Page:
It is not that these stories we know of “Africa” are wrong (although some have been), but that they are incomplete, simplified, singular, and often devoid of broader context and interrelations.  These pervasive but limiting depictions of ‘Africa’ do no justice to the diversity that is present here.

People here are just like people back home, in so far as they are all different. This evening, while waiting for my rolex (a omelette wrapped in a chapati) and adding air time to my phone, I met a Pastor, a born-again Christian, who was convinced that I needed to be saved and accept Jesus as my saviour. He wanted to come to Canada to preach the Gospel. The woman I bought the rolex from was not enthused by his diatribe and described the Pastor as crazy. This morning I was stared at by a toddler (my presence almost made her cry) and was followed by other children who laughed at me. This afternoon I was greeted by a gramma, and ignored by many others. I have never shaken so many hands, or been asked so consistently how my day is going.  Each of these people that I meet have a different life story and have experienced the history of Uganda differently. I can’t summarize the history of Uganda because whatever I say, I will be leaving other parts out. My desire is not to summarize, pathologize, theorize or explain, but rather to acknowledge my privilege, my role within the global economic structure, and observe and hear the multiple, heterogeneous and complex stories of individuals.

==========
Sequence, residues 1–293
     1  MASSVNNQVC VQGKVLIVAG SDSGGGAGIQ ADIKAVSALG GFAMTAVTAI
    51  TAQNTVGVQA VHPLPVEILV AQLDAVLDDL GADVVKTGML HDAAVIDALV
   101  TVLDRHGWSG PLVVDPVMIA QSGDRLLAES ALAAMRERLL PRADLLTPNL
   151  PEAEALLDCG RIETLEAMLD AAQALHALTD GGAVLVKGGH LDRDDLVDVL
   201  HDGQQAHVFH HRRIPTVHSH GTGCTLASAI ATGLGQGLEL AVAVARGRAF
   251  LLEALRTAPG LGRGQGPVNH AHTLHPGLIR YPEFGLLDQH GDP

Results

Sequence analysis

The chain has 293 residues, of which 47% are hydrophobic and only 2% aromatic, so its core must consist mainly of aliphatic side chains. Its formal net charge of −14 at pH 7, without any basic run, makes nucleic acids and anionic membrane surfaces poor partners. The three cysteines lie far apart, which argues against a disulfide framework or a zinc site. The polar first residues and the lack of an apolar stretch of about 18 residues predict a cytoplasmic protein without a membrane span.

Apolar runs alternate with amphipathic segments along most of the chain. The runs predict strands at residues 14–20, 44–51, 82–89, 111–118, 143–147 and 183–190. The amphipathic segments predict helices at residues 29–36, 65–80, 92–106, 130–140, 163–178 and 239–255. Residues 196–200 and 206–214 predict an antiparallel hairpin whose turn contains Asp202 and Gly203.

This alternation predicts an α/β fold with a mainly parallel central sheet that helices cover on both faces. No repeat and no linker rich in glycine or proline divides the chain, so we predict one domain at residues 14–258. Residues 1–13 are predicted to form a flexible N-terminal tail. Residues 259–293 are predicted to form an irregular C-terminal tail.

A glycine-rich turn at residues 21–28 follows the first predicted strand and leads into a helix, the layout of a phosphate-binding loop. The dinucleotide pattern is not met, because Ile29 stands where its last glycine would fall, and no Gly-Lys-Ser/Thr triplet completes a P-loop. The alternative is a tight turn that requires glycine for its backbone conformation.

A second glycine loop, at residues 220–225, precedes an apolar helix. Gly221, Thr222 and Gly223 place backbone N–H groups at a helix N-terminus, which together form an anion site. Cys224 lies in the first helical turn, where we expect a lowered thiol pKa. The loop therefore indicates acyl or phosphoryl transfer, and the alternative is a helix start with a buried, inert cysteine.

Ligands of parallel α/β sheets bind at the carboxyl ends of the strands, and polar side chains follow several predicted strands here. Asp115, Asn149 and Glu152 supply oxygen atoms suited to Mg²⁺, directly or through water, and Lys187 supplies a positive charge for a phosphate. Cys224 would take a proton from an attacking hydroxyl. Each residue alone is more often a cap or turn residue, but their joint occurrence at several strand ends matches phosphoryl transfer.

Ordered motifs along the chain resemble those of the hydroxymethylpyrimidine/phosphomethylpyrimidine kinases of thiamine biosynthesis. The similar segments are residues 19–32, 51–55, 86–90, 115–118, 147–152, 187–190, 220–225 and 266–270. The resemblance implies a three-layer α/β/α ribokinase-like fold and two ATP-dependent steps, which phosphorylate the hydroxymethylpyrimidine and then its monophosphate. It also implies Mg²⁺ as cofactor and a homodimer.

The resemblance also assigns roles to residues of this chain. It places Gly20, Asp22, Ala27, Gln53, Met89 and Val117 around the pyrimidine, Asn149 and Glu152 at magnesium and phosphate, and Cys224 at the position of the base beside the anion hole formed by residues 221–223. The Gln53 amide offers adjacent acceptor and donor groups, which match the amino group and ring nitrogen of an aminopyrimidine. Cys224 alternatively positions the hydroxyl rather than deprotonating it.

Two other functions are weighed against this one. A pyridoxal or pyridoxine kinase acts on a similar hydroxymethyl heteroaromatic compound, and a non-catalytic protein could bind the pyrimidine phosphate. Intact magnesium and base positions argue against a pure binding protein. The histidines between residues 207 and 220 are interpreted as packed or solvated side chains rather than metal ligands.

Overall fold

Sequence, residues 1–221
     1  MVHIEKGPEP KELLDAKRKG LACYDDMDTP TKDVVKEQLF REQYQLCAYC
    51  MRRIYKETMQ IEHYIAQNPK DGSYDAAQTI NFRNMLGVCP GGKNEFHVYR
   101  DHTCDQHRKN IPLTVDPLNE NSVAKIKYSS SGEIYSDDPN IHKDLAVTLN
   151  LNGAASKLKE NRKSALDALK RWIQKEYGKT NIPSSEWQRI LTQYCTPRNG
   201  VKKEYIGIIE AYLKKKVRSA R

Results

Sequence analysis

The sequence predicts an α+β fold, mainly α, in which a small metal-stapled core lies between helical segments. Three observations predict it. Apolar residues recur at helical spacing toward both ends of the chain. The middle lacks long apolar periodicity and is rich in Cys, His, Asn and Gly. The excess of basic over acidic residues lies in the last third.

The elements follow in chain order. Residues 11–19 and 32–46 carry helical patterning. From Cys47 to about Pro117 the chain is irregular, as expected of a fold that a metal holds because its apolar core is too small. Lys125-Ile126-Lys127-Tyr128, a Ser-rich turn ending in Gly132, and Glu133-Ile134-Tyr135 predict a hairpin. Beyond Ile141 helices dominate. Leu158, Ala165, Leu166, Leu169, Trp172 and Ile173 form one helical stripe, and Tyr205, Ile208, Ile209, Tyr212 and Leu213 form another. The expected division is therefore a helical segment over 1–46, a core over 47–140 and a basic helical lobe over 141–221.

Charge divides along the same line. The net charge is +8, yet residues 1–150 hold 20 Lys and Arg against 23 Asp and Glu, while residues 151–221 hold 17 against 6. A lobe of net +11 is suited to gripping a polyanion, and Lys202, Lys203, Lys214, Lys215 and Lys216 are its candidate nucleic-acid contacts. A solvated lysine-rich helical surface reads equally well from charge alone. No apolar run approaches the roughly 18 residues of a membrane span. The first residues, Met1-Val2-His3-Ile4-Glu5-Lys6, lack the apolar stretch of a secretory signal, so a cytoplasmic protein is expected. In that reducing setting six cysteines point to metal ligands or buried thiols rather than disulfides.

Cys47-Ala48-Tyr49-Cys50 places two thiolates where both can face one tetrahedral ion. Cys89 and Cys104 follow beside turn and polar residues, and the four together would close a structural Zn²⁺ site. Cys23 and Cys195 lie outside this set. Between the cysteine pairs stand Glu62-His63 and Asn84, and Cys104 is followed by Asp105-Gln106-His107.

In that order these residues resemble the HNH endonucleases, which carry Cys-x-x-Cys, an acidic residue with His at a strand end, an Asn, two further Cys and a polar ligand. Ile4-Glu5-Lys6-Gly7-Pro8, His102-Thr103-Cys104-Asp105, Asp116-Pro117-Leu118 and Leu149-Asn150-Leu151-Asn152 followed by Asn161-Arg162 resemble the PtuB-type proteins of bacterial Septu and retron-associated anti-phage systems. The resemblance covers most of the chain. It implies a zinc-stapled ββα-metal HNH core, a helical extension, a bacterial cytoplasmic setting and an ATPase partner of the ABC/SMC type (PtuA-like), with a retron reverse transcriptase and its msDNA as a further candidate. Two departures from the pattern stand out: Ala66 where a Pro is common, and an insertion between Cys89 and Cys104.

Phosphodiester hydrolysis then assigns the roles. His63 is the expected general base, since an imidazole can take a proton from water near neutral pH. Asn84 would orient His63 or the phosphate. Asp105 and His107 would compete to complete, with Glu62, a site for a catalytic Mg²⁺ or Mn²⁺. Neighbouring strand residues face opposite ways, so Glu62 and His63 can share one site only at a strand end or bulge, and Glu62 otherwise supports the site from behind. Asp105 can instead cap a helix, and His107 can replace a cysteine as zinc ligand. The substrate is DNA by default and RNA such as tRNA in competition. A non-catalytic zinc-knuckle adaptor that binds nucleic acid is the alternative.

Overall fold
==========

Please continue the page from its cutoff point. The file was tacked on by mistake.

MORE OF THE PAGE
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June 24 – Picture Review

Internship, IYIP, Jinja, Uganda, Uncategorized

June 18th – Beginning

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Sometimes, the most difficult thing is just to begin. To throw yourself off the edge and into the unknown can be terrifying. There can be fear and anxiety of what will happen, stress about whether you can handle the challenges, the desire to succeed (and fear of failure), and mourning what you are leaving behind. The apprehension can cause inertia, leaving you feeling like you are stuck in the limbo land between staying and going, thinking and doing. To begin can be overwhelming. But it can also be exhilarating. There is freedom in beginnings. There is excitement in the possibility of creating something new, of challenging yourself, of learning, and of broadening your own horizons.